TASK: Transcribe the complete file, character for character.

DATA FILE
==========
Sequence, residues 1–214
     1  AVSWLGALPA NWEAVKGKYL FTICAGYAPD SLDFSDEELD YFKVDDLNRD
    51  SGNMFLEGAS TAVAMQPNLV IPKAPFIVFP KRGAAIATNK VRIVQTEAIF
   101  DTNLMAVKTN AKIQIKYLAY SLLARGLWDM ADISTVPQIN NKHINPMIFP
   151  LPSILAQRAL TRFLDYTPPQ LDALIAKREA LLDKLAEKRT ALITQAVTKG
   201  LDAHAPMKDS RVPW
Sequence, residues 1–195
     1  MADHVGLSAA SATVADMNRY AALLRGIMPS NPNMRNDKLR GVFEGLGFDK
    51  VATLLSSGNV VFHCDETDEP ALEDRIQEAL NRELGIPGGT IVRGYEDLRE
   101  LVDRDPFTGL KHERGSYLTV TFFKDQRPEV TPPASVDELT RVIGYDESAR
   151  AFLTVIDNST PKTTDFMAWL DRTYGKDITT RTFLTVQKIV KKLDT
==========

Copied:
Sequence, residues 1–214
     1  AVSWLGALPA NWEAVKGKYL FTICAGYAPD SLDFSDEELD YFKVDDLNRD
    51  SGNMFLEGAS TAVAMQPNLV IPKAPFIVFP KRGAAIATNK VRIVQTEAIF
   101  DTNLMAVKTN AKIQIKYLAY SLLARGLWDM ADISTVPQIN NKHINPMIFP
   151  LPSILAQRAL TRFLDYTPPQ LDALIAKREA LLDKLAEKRT ALITQAVTKG
   201  LDAHAPMKDS RVPW
Sequence, residues 1–195
     1  MADHVGLSAA SATVADMNRY AALLRGIMPS NPNMRNDKLR GVFEGLGFDK
    51  VATLLSSGNV VFHCDETDEP ALEDRIQEAL NRELGIPGGT IVRGYEDLRE
   101  LVDRDPFTGL KHERGSYLTV TFFKDQRPEV TPPASVDELT RVIGYDESAR
   151  AFLTVIDNST PKTTDFMAWL DRTYGKDITT RTFLTVQKIV KKLDT